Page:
- Mask-wearing and one-way aisles may fade away, but analysts say the pandemic will change how customers stock their fridges and how grocers do business for years to come.
- Customers will continue to seek out contactless ways to buy or pay for groceries and it’ll accelerate their interest in food that’s from closer to home, said Scott McKenzie, Nielsen’s head of global intelligence.
- Grocers may use personal shopers to build customer relationships and may also invest in automation.
Gone are the days of leisurely browsing the aisles of grocery stores.
Instead, customers are getting used to new grocery store fixtures: Mask-wearing employees, plexiglass barriers at cash registers, one-way aisles and antibacterial wipe dispensers. Some of those will become the norm. Others will fade away as coronavirus cases decline. But many analysts predict the pandemic will change how customers stock their fridges and pantries and shape their expectations in the months or years ahead.
Here’s a round-up of five changes sparked by the pandemic:
No touching, please
Customers are more squeamish about germs — and that could linger.
Grocers and other retailers have touted new and expanded contactless approaches to shop or check out. Walmart, for example, added a new feature to its smartphone app that allows customers to scan a QR code instead of touching a screen at the cash register. Other apps, such as Apple Pay and Google Pay, also allow customers to skip the credit card reader.
With curbside pickup, customers can pop the trunk instead of going into stores. Some retailers have waived the need for a signature when people pick up groceries or get a delivery to their home.
Some customers are opting for prepackaged goods, as they skip the deli counter and other parts of the store with additional food handling, said Jill Standish, Accenture’s global head of retail. She said the grab-and-go items also shorten shoppers’ time in stores, another common preference.
Those approaches may stick because of their convenience, along with heightened safety.
‘Go local’ trend on steroids
Long before the pandemic, customers bought fruits and vegetables at farmers markets and supported local businesses, such as cheese shops. The pandemic is accelerating that trend, said Scott McKenzie, Nielsen’s head of global intelligence.
Now, he said, people gravitate even more to products grown or made closer to home. They’re thinking about the long distances that produce, meat and other foods may travel and the borders they may cross before arriving to their kitchen table — and the many people who may touch them along the way.
That’s driving more interest in subscriptions to farm boxes and items with “a shorter supply chain,” McKenzie said.
“I call this the phenomenon of buying milk from cows you can see,” he said.
Shift to online shopping accelerates
Grocery shoppers have downloaded new grocery apps and tried new online services. Those discoveries have shaken up habits and could lead to a meaningful shift in an industry that’s been slow to go digital.
Customers have used third-party delivery services, such as Instacart, FreshDirect and Target-owned Shipt, to get groceries. They’ve also ordered online and used curbside or in-store pickup at Walmart and Target.
Only about 3% or 4% of grocery spending in the U.S. was online before the coronavirus outbreak, according to research by consulting firm Bain & Company. That could increase to between 5% and 10% after it, said Steve Caine, a retail expert and partner for the firm.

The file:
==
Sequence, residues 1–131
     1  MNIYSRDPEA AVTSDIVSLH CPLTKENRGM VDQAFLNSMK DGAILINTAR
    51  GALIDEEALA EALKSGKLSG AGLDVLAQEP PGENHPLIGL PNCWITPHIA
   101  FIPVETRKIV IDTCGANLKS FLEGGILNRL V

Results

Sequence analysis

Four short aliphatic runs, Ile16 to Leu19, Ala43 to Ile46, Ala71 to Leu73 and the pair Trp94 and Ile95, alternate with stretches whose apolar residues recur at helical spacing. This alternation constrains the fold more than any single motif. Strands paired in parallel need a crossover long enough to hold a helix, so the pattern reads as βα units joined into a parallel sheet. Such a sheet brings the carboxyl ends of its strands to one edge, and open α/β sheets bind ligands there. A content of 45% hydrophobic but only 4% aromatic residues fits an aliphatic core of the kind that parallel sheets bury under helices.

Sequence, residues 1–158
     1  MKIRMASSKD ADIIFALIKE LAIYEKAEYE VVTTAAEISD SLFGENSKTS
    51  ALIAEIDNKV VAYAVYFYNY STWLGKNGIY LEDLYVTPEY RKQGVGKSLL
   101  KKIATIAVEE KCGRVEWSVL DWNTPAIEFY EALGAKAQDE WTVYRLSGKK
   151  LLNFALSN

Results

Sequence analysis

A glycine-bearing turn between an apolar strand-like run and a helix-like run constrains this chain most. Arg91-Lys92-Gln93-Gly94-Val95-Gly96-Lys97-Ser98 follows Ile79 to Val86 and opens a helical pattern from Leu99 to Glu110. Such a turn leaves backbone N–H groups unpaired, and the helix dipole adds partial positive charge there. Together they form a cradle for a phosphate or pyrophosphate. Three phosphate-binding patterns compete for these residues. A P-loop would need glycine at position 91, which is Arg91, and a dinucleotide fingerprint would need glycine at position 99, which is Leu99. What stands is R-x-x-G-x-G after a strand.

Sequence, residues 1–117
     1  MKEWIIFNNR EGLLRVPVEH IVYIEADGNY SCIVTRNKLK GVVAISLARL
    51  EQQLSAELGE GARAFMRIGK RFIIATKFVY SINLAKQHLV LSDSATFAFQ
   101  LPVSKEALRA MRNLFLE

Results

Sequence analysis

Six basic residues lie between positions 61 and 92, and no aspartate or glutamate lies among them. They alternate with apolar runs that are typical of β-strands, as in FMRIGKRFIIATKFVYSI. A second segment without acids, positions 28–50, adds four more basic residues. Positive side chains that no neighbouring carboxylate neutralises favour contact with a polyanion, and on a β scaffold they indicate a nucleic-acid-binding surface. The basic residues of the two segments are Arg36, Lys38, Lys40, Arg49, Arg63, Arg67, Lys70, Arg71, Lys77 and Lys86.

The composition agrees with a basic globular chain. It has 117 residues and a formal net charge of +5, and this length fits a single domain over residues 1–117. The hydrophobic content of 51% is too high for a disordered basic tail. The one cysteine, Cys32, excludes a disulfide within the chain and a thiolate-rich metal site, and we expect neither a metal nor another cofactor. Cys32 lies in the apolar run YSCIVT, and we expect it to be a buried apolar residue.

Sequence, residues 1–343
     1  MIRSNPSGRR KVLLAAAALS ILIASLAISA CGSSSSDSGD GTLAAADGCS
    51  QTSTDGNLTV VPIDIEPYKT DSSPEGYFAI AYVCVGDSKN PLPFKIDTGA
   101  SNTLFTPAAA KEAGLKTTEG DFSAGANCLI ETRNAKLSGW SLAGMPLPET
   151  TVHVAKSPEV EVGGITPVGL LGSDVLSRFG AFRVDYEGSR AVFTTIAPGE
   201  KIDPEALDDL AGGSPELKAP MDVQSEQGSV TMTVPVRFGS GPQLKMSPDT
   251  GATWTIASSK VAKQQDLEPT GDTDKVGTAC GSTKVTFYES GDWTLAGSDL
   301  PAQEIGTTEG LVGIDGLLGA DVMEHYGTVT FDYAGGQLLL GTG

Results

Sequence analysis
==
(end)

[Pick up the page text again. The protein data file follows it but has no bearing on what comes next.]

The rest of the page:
A personal touch by ‘pickers’
Grocers will look for creative ways to strengthen relationships with customers and entice them to add more to their virtual baskets, as more customers shop online in addition to in-store.
Employees who fulfill and bag online orders at stores — often called pickers or shoppers — will become increasingly important and could become a competitive advantage for retailers, said Eiko Kawano, a group experience director for digital consulting firm, Publicis Sapient.
Grocers may use the employees as brand ambassadors and suggestive sellers, she said. Stores could ask pickers to upload a photo or a brief profile and allow customers to rate the pickers like Uber and Lyft drivers. Through a combination of personal relationships and algorithms, the shopper or picker could personalize customers’ orders by recommending an item. And they could nudge customers towards higher margin items and discretionary purchases, too.
The rise of the robot
Out-of-stock items and hard-to-find delivery or curbside pickup slots have revealed some grocers’ pain points. That may inspire stepped-up investments in automation, especially as grocers compete with behemoths like Amazon and Walmart.
Some grocers are turning unused space in the back of grocery stores into small-scale, automated distribution centers that speed up and reduce the price of fulfilling online orders. The technique is called micro-fulfillment.
One company that sells the automated systems, New York-based Fabric, said more grocers have expressed interest in the systems or have sped up their projects during the pandemic, said Steve Hornyak, the company’s chief commercial officer. He said the systems resemble giant vending machines.
The pandemic may inspire more innovation and experimentation with “dark stores,” which fulfill only pickup and delivery orders. Kroger, for example, turned one of the stores near its Cincinnati headquarters into pickup-only in late March.
Customers have been more willing to wait for an available delivery slot and more flexible delivery times since they’re stuck at home, said Standish, who works for Accenture.
Grocers must adapt quickly, though, since their patience will wane, she said: “Consumers might say ‘I’m not going to wait another week. Let me go somewhere else.’”